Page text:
All of Sallie Mae’s loans also give borrowers and cosigners quarterly access to a FICO® credit score.

Drawbacks of Sallie Mae Student Loans

No additional interest rate discount. Sallie Mae’s 0.25% interest rate discount for auto debit is standard for most federal and private student loans. But other private lenders offer borrowers opportunities to get an additional 0.25% to 0.50% interest rate discount by having other financial products from the same lender or making auto debits from an account with the same lender.

Sallie Mae assigns loan terms. Many Sallie Mae student loans have a repayment term that ranges from five to 15 years. Most other lenders that offer a range of terms let borrowers choose their term, along with the corresponding monthly payment and interest rate. Sallie Mae, however, will assign you a term.

No loan preapproval. Private student loans require a credit check. Some lenders will do a soft credit pull, which doesn’t hurt your score, to determine if you can qualify for a loan or need a cosigner and to show you estimated interest rates if you qualify. Sallie Mae will only show you rates after a hard credit inquiry, which could hurt your score slightly.

What it takes to qualify with Sallie Mae

All products have the same basic Sallie Mae loan requirements:

Minimum credit score: Sallie Mae doesn’t disclose a minimum credit score requirement. In 2020, 94% of applicants that were approved for a Sallie Mae student loan had a FICO Score of 670 or above at the time of their loan’s origination.

Minimum age for borrowers: Borrowers must be the age of majority in their state (often 18 years old). Younger applicants will need an eligible and creditworthy cosigner.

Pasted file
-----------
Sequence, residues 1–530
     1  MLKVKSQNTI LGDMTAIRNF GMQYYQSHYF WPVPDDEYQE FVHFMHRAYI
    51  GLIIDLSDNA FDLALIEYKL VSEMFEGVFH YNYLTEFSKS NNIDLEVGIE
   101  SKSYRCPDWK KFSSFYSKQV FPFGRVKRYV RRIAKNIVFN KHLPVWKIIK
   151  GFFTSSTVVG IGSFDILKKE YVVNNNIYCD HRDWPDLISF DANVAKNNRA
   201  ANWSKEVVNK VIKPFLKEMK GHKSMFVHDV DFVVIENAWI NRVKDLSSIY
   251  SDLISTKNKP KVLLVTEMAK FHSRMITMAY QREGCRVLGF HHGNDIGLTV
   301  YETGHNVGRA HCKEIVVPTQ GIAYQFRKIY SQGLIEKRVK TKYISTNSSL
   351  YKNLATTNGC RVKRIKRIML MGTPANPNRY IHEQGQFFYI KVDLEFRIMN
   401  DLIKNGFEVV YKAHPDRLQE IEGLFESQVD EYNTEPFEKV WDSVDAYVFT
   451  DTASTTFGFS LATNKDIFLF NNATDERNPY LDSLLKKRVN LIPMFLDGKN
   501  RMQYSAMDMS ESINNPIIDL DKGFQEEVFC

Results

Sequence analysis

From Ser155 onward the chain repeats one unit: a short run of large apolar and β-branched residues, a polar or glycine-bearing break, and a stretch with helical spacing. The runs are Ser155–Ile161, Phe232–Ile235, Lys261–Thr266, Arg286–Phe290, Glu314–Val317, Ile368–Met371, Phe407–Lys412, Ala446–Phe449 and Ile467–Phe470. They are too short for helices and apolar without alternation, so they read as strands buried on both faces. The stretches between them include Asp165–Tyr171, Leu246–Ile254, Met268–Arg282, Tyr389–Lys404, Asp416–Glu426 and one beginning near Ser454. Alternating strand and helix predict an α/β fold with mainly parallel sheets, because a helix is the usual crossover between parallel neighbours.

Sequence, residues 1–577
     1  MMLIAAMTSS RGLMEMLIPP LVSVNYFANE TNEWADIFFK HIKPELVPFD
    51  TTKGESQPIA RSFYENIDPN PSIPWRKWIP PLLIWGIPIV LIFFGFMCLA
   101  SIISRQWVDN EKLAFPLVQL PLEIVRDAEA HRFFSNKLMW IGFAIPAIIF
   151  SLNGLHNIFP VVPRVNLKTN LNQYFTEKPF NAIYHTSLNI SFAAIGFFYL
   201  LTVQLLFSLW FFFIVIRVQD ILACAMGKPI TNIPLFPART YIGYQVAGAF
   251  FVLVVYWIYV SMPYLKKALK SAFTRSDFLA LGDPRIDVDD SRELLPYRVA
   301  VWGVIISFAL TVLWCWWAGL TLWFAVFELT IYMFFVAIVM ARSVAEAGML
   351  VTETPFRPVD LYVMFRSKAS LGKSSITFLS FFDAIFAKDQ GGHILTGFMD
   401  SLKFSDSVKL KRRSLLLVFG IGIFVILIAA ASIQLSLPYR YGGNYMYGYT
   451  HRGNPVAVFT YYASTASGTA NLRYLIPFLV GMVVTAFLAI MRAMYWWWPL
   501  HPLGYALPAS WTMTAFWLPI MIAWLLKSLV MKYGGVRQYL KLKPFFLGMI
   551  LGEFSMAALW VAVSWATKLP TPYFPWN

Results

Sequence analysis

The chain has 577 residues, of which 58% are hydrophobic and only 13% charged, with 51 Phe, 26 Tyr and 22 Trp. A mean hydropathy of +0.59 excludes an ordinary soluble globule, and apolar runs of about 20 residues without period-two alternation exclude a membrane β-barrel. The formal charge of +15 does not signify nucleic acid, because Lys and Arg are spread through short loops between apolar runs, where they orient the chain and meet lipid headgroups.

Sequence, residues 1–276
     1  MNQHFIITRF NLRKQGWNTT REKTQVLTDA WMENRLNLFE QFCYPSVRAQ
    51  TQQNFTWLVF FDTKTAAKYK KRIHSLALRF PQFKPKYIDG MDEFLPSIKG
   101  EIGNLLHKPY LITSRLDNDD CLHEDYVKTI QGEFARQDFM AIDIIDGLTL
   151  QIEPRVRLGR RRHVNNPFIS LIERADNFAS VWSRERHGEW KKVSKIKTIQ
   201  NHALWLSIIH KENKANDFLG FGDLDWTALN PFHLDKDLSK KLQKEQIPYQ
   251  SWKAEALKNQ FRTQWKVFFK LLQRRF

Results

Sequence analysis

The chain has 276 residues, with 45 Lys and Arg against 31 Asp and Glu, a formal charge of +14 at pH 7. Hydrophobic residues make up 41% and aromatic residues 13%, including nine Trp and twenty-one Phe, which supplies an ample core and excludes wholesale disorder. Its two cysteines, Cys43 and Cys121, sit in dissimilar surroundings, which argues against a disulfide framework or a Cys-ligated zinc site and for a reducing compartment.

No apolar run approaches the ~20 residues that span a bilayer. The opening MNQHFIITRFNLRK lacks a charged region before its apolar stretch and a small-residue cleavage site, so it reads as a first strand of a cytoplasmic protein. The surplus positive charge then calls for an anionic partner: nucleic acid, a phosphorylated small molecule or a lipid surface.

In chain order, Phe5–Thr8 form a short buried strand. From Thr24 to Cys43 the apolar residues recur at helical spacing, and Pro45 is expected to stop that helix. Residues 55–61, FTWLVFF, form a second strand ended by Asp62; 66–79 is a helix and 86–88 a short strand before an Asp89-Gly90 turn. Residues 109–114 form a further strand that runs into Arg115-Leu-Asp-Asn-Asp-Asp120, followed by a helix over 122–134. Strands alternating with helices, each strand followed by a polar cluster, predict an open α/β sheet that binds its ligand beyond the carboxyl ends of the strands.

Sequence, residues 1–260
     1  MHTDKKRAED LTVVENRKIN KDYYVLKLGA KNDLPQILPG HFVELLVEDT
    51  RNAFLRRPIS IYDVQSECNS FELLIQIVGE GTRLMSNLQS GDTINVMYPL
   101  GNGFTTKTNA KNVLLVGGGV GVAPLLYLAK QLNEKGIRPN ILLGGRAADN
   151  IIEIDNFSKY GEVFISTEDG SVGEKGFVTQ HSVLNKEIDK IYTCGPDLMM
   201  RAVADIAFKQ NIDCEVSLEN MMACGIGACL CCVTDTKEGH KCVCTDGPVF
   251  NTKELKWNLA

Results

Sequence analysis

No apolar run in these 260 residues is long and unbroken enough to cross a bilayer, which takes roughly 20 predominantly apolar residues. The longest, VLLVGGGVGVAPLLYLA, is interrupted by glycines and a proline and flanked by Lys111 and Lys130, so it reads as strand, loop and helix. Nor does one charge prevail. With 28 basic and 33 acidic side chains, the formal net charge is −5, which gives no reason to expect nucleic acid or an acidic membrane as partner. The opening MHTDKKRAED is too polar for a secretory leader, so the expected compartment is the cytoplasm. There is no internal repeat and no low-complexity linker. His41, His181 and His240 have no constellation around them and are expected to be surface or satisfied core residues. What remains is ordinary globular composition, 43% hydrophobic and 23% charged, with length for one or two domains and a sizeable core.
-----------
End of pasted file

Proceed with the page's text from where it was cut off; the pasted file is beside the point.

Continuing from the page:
State residency requirements: Sallie Mae student loans are available in every state.

Eligible schools: Sallie Mae doesn’t publish a list of eligible schools, but you can search for the name of a school at the beginning of the loan application to see if your school qualifies.

 Additional requirements
K-12 loansThe student you’re taking the loan out for has to be enrolled in a private school.
Parent loansThe student you’re taking the loan out for has to be pursuing a certificate or an associate, bachelor’s or graduate degree at a degree-granting school.
Career trainingYou must be enrolled at a non-degree-granting school and pursuing professional training or a certification.
Undergraduate loansYou must be enrolled at a degree-granting school and pursuing a certification or an associate or bachelor’s degree.
Graduate loansYou must be enrolled at a degree-granting school and pursuing a master’s or doctorate degree.
MBA loansYou must be enrolled at a degree-granting school and pursuing a masters of business administration degree.
 Additional requirements
Health professionsYou must be enrolled at a degree-granting school and pursuing a degree in one of the eligible areas of study.
Dental schoolYou must be enrolled at a degree-granting school and pursuing a degree in one of the eligible areas of study.
Medical schoolYou must be enrolled at a degree-granting school and pursuing a degree in one of the eligible areas of study.
Medical residencyYou must either have a half-time course load and be in your last year at an eligible school, or graduated from an eligible school in the previous 12 months.

If you didn’t already earn your medical degree, you must expect to earn the degree in the current academic program year.
Dental residencyYou must either have a half-time course load and be in your last year at an eligible school, or graduated from an eligible school in the previous 12 months.